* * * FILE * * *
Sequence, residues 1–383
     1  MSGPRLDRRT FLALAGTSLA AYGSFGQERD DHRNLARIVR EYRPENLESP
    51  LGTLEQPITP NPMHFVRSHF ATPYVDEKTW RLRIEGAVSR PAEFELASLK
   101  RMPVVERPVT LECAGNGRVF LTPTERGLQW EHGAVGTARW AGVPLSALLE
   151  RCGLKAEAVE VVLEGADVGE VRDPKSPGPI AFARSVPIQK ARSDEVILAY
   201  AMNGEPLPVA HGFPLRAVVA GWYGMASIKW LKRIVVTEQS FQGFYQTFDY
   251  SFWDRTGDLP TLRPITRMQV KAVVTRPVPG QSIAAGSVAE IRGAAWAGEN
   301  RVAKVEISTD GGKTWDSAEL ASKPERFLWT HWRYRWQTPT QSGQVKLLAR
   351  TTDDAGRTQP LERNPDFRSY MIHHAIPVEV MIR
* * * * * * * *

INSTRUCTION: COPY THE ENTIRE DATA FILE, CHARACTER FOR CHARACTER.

Sequence, residues 1–383
     1  MSGPRLDRRT FLALAGTSLA AYGSFGQERD DHRNLARIVR EYRPENLESP
    51  LGTLEQPITP NPMHFVRSHF ATPYVDEKTW RLRIEGAVSR PAEFELASLK
   101  RMPVVERPVT LECAGNGRVF LTPTERGLQW EHGAVGTARW AGVPLSALLE
   151  RCGLKAEAVE VVLEGADVGE VRDPKSPGPI AFARSVPIQK ARSDEVILAY
   201  AMNGEPLPVA HGFPLRAVVA GWYGMASIKW LKRIVVTEQS FQGFYQTFDY
   251  SFWDRTGDLP TLRPITRMQV KAVVTRPVPG QSIAAGSVAE IRGAAWAGEN
   301  RVAKVEISTD GGKTWDSAEL ASKPERFLWT HWRYRWQTPT QSGQVKLLAR
   351  TTDDAGRTQP LERNPDFRSY MIHHAIPVEV MIR